Degradationa 2.1 ± 0.2 2.3 ± 0.4 2.2 ± 0.3
Formationb 5.8 ± 0.2 1.0 ± 0.2 4.1 ± 0.3 6.6 ± 0.5


Formation of the intermediates in solution

After collecting the data on the degradation of the intermediates, we gathered kinetic information on their formation. For this purpose, we started the reactions in a mixture of H2O and D2O (without any delay) and studied the ratios of H and D incorporation into the intermediates detected as 1H+ and 2+ (Fig. 4). We performed the experiments with different ratios of H2O vs. D2O to enable kinetic modelling and to improve the accuracy of our results. The exact H[thin space (1/6-em)]:[thin space (1/6-em)]D ratio was determined from the ratio of the [(IPr)2Au2(OH)]+ and [(IPr)2Au2(OD)]+ signals in the spectra.
image file: c9sc05662a-f4.tif
Fig. 4 Formation of intermediates detected as monoaurated and diaurated complexes in the reaction of 1-phenylpropyne with a mixture of H2O and D2O with variable H[thin space (1/6-em)]:[thin space (1/6-em)]D ratios (catalyst: 5.4 mol% [Au(IPr)(CH3CN)(BF4)]). The ratio of “acidic” H and D (x-axis) was determined from the ratio of [Au2(IPr)2(OH)]+ and [Au2(IPr)2(OD)]+ in each experiment. The graphs show the relative abundances of (a) H-AH+ (circles) vs. D-AH+ + H-AD+ (triangles), and vs. D-AD+ (squares) and (b) H-B+ (blue circles) vs. D-B+ (blue squares) and H-[A(acetone)Na]+ (violet circles) vs. D-[A(acetone)Na]+ (violet squares). The experimental results were fitted with kinetic equations shown below the graphs.

The relative signal intensities of monoaurated complexes (protonated α-gold ketones) depend on H[thin space (1/6-em)]:[thin space (1/6-em)]D ratios of the hydrogen atoms at the α-carbon atom and at the oxygen atom. This situation can be described by a simple kinetic scheme with two rate constants k1 and k2 describing the introduction of each hydrogen atom (Fig. 4, details of the model are in the ESI). Quantitatively, we can fit only ratios of the isotopic mass-spectrometry signals. It means that we fitted kH1/kD1 and kH2/kD2; i.e., kinetic isotope effects for the introduction of the hydrogen atoms to the α-carbon atom and to the oxygen atom, respectively. An unconstrained fit of the signal intensities of H-1H+, (H-1D+ + D-1H+) and D-1D+ in dependence of the H[thin space (1/6-em)]:[thin space (1/6-em)]D ratio provided the kinetic isotope effects KIE1 = 5.8 ± 0.2 and KIE2 = 1.0 ± 0.2 (Fig. 4, see also Fig. S11 in ESI).

Protonation/deprotonation reactions (or exchange of acidic hydrogen atoms) are fast processes, therefore mass spectrometry detects protonated ions in equilibrium with the concentrations of H+ and D+ in the solution. This is consistent with the determination of the apparent kinetic isotope effect KIE2 = 1.0 ± 0.2 for the protonation of the monoaurated intermediates at the oxygen atom. Accordingly, KIE1 = 5.8 ± 0.2 corresponds to the reaction pathway that leads to the introduction of H to the carbon-atom.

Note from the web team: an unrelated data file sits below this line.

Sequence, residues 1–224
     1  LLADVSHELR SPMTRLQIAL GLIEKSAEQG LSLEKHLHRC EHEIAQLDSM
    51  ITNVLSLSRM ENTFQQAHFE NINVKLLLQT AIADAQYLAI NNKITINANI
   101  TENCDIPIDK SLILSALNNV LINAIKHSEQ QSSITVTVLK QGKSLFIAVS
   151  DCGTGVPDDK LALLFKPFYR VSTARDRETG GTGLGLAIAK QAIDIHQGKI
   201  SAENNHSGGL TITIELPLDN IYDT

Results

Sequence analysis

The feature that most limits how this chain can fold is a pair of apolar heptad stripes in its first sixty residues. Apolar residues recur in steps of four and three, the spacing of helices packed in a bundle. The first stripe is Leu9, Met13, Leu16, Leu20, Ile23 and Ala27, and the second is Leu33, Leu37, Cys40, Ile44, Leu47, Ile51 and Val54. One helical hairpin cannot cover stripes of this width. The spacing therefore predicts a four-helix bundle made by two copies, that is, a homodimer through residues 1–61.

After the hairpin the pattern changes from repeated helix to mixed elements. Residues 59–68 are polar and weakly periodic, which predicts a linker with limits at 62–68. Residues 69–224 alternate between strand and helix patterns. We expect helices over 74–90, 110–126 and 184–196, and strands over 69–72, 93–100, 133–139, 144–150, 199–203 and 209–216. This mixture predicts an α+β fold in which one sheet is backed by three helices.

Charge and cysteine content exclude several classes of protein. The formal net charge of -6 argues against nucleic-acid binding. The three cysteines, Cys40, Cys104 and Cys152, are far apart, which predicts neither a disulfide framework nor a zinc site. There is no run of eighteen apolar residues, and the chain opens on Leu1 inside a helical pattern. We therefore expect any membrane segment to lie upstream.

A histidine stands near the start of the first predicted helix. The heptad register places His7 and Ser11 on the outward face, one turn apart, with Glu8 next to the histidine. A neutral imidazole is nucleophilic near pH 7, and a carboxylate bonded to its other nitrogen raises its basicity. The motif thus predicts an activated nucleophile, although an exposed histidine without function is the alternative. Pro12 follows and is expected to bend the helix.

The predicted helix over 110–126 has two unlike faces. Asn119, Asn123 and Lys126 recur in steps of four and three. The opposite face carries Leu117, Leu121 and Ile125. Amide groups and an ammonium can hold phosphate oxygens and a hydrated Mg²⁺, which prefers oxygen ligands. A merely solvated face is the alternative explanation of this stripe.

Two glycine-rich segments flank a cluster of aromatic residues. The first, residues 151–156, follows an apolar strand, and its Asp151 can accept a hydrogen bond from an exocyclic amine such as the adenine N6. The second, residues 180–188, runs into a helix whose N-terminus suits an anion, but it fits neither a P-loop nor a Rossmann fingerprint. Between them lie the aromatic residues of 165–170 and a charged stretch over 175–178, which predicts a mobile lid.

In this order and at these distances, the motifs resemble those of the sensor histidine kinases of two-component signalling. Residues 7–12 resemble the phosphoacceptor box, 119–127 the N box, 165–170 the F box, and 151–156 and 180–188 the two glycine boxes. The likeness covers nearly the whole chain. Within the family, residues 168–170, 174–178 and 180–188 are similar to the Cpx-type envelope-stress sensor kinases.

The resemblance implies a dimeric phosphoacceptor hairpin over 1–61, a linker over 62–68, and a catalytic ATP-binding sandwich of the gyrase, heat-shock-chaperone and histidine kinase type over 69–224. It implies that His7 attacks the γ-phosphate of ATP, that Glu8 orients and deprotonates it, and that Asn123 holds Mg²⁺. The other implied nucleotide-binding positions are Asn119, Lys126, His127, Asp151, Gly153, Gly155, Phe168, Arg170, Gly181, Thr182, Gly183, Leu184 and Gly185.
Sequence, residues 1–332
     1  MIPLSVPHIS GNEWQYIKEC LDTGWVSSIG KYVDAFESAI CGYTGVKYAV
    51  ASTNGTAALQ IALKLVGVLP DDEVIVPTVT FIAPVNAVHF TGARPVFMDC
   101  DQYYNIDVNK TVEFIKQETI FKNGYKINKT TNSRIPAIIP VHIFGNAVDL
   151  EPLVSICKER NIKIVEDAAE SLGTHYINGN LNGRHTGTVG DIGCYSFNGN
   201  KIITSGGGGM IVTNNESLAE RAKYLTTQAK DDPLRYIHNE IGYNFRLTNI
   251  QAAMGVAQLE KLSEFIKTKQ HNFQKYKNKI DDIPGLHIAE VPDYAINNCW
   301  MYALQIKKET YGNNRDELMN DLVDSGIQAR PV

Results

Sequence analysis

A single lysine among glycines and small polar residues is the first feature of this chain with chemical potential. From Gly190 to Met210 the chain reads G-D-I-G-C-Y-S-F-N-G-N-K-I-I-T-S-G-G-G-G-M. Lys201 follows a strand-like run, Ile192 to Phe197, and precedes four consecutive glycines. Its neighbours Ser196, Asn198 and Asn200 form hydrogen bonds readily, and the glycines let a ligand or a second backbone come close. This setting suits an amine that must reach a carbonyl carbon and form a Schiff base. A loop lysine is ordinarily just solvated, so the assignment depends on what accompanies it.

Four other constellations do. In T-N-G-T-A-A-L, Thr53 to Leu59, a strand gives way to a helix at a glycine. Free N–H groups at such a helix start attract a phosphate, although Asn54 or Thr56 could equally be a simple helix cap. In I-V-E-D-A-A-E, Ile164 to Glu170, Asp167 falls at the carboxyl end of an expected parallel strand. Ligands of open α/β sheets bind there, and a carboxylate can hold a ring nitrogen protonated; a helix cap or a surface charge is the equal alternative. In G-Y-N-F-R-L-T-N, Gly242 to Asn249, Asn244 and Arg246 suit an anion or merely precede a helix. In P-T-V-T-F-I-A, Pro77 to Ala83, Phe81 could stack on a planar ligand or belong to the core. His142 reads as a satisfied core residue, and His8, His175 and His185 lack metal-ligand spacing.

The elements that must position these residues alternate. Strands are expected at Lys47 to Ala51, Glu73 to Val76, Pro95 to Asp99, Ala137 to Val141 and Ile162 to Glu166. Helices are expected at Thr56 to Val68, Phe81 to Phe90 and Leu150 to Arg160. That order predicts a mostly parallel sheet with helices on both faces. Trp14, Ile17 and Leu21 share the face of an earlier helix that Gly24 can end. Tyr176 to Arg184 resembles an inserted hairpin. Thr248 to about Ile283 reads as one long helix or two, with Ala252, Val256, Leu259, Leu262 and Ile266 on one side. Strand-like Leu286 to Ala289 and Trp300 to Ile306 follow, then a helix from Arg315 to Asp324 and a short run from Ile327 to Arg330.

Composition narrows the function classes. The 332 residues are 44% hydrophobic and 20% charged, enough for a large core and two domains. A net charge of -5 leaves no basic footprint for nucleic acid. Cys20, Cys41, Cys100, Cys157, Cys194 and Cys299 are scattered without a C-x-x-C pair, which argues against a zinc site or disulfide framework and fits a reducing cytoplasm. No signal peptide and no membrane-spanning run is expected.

The sodium-tagged monoaurated complexes and the diaurated complexes have only one added hydrogen atom; therefore, the dependence of H-2+/D-2+ and H-[1(acetone)Na]+/D-[1(acetone)Na]+ on the H[thin space (1/6-em)]:[thin space (1/6-em)]D ratio can be fitted using only one KIE. The resulting kinetic isotope effects are 4.1 ± 0.3 for the formation of the diaurated complexes and 6.6 ± 0.5 for the formation of the sodiated monoaurated complexes.

The results again show that the kinetics associated with the intermediates detected as diaurated complexes is slightly different than that associated with the formation of the monoaurated complexes. The values of the kinetic isotope effects corresponds to the values expected for general-acid catalysed processes in a mixture of H2O and D2O (KIE ∼ 5).15 Hence, it is consistent with concerted protonation/deprotonation of the initially formed 2-gold vinyl alcohol intermediates (A or B+ in Scheme 1 with Nu = OH) to form the detected α-gold ketones.

In summary, the experiments with 1-phenylpropyne showed that we can detect monoaurated and diaurated complexes by ESI-MS with structures derived from neutral α-gold ketones protonated or aurated at the oxygen atom. The kinetics associated with the formation and degradation of the intermediates in solution detected as 1H+ or 2+ slightly differ and suggest that the intermediates detected as 2+ have probably a higher turn-over frequency. However, the results for the intermediates detected as 1H+ and 2+ are not fundamentally different. The small differences between the detected 1H+ and 2+ can be well explained by other scenarios.16 Most relevantly, two possible isomers (depending on R and R′) of only one type of the intermediate might be present in solution and the detected differences might result from different capabilities of the isomers to attach or detach the gold cation bound at the oxygen atom. Hence, the results showed that the kinetics of the intermediates in solution are very similar, but further experiments are necessary to resolve whether only one type of the intermediates is relevant in this reaction and which one it is.